• Germinal disk. This is the small, circular white spot on the surface of the yolk that, if fertilized, will begin to grow into a baby bird. Don’t worry — this is extremely unlikely in the case of grocery store eggs.
  • Air sac. Just what it sounds like, this is a small pocket of air trapped inside the egg. When you’re peeling hard-boiled eggs, this bit of space is what (usually) helps you separate the shell from the white.

One weird trick to tell if an egg is old

Fill a glass or bowl with water and place your egg inside. The air sac inside the egg expands as the egg ages, which means older eggs will float. That doesn’t necessarily mean they’re “bad” eggs, though. Crack one open and check it for weird smells before deciding to keep or toss it.

Eggs sold in the United States must be refrigerated and will stay good for at least 3 to 5 weeks after purchase, often past the “sell by” date on the packaging.

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The status quo of avian eggs, the most commonly consumed egg, is without a doubt the chicken egg.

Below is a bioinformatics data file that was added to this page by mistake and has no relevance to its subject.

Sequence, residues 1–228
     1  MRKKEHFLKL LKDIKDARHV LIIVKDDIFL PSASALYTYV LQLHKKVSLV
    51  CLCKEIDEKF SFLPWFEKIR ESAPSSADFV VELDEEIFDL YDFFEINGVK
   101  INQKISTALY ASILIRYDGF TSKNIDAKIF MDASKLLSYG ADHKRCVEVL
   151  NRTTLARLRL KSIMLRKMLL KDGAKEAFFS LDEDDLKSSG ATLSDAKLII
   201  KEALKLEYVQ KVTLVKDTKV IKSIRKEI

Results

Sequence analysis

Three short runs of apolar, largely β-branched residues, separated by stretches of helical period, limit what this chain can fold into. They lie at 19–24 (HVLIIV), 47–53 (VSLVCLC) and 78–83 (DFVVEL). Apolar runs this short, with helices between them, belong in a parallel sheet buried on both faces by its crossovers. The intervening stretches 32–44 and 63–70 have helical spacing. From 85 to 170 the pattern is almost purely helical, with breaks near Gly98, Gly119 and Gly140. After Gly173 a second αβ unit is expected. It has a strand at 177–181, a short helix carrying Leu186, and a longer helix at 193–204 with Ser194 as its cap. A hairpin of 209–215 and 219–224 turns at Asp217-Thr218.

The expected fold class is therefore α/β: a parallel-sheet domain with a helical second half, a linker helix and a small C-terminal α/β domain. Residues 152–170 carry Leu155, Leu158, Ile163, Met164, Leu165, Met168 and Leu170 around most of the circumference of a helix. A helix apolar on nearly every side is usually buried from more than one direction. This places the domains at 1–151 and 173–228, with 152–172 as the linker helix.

Chickens live in every country in the world (except Vatican City) and can be found on every continent except Antarctica — there are roughly 20 billion chickens strutting and squawking around the world at any given time. Given their numbers (and the important nutrients packed within their shells), it’s likely everyone, minus the lifelong vegans of the world, has eaten a chicken egg at some point.

The USDA recognizes six sizes, or weight classes, for chicken eggs: peewee, small, medium, large, extra-large, and jumbo. Size is determined by the weight per dozen, not the size or weight of each individual egg. The size of an egg depends on a few things, including the age and breed of the chicken. Hens in their prime typically lay medium and large eggs. The USDA also categorizes eggs by quality.

Cage-free, free-range, organic? What does it all mean?

These terms can be confusing! The U.S. government only requires eggs to be labeled “certified organic” — everything else can be provided by egg farmers at their own discretion.